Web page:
- #1

- 1,796

- 53

## Main Question or Discussion Point

When we map the algebraic function, [itex]w(z)[/itex], to a Riemann surface we essentially create a new "Riemann" coordinate system over a surface that is called the "algebraic function's Riemann surface".

This mapping allows one to create single-valued functions, [itex]f(z,w),[/itex] of the coordinate points over this surface, including the underlying algebraic function [itex]f(z,w)=w[/itex], that are single-valued, analytic functions except at special points called singular points.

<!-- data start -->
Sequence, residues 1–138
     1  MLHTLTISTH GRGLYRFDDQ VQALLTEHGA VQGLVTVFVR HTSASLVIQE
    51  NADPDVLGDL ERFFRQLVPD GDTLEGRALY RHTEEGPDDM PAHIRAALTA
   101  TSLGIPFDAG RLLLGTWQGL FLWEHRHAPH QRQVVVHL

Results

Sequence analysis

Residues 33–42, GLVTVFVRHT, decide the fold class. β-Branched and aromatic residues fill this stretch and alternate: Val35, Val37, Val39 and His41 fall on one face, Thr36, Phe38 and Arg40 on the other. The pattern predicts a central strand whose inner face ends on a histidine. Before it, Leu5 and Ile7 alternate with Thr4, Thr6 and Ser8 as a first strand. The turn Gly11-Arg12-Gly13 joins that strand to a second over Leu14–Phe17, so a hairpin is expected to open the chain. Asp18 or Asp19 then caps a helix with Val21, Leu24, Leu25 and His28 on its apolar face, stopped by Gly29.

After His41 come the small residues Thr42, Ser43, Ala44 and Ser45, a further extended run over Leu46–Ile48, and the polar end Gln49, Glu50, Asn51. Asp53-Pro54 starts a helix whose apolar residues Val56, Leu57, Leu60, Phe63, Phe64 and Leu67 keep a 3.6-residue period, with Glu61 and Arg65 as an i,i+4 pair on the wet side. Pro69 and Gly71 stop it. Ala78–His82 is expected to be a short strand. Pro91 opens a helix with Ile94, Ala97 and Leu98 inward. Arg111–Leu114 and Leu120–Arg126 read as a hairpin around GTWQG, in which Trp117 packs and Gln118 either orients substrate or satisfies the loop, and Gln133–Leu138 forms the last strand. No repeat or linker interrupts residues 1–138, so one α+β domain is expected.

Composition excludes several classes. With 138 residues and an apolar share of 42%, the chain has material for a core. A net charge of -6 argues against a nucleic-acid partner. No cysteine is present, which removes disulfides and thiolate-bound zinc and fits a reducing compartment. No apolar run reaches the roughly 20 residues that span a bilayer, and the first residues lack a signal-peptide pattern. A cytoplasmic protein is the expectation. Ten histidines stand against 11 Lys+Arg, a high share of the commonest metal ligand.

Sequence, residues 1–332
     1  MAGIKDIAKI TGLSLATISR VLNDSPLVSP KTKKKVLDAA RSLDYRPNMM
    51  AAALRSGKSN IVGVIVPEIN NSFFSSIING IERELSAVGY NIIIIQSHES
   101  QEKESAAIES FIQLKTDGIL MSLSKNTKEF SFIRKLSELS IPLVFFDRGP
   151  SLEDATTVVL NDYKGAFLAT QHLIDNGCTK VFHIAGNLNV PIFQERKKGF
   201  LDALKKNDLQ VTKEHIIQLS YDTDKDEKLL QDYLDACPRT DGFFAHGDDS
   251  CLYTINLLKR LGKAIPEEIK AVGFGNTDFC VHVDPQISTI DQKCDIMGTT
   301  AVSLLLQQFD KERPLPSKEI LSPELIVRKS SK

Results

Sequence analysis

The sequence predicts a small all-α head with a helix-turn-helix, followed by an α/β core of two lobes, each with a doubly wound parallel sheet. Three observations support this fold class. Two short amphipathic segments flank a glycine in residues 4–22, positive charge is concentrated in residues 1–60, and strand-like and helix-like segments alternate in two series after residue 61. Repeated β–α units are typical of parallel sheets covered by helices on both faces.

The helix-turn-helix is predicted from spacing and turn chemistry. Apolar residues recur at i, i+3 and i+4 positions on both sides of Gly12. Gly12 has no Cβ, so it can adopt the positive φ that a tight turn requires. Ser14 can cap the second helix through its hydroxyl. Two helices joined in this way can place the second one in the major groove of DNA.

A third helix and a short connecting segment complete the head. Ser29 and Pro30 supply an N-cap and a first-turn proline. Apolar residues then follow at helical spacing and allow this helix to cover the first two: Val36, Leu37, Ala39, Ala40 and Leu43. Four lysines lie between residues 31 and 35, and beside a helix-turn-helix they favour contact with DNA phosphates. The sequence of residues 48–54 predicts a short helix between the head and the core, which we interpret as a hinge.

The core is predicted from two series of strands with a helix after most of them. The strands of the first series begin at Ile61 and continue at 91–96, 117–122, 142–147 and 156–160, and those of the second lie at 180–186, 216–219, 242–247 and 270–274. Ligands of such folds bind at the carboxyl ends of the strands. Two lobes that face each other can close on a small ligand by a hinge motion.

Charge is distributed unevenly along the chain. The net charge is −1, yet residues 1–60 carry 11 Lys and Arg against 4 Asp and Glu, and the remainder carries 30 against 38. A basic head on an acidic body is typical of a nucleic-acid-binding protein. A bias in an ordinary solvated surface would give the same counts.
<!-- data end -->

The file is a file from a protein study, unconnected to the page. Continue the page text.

May I ask what exactly is this type of mapping called?

This mapping allows one to create single-valued functions, [itex]f(z,w),[/itex] of the coordinate points over this surface, including the underlying algebraic function [itex]f(z,w)=w[/itex], that are single-valued, analytic functions except at special points called singular points.

May I ask what exactly is this type of mapping called?

Last edited: